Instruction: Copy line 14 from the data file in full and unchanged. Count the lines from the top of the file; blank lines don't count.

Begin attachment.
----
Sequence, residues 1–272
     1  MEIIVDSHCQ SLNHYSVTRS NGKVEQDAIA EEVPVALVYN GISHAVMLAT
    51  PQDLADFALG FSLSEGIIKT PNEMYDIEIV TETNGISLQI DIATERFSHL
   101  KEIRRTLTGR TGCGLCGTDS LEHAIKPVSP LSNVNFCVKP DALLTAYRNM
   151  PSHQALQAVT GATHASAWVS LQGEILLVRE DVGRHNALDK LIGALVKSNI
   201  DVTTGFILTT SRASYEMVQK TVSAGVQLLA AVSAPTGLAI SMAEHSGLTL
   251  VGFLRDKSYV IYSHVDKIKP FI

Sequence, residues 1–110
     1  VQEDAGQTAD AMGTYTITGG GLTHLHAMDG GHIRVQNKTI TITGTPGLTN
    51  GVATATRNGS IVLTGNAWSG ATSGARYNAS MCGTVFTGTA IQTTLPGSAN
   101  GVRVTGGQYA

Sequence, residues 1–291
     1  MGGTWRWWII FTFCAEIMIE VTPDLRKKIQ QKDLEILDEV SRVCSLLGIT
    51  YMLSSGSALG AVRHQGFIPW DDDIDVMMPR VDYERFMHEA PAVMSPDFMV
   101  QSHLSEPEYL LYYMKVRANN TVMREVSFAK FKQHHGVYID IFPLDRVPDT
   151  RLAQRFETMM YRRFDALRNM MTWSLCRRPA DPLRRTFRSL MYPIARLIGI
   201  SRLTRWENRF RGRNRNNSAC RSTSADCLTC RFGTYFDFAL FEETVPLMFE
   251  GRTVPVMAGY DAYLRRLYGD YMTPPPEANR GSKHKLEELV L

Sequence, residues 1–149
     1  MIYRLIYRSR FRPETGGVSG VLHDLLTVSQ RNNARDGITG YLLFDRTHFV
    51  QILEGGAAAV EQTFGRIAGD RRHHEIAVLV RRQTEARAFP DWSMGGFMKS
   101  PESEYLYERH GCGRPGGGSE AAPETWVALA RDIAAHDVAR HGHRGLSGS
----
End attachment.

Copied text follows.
    51  YMLSSGSALG AVRHQGFIPW DDDIDVMMPR VDYERFMHEA PAVMSPDFMV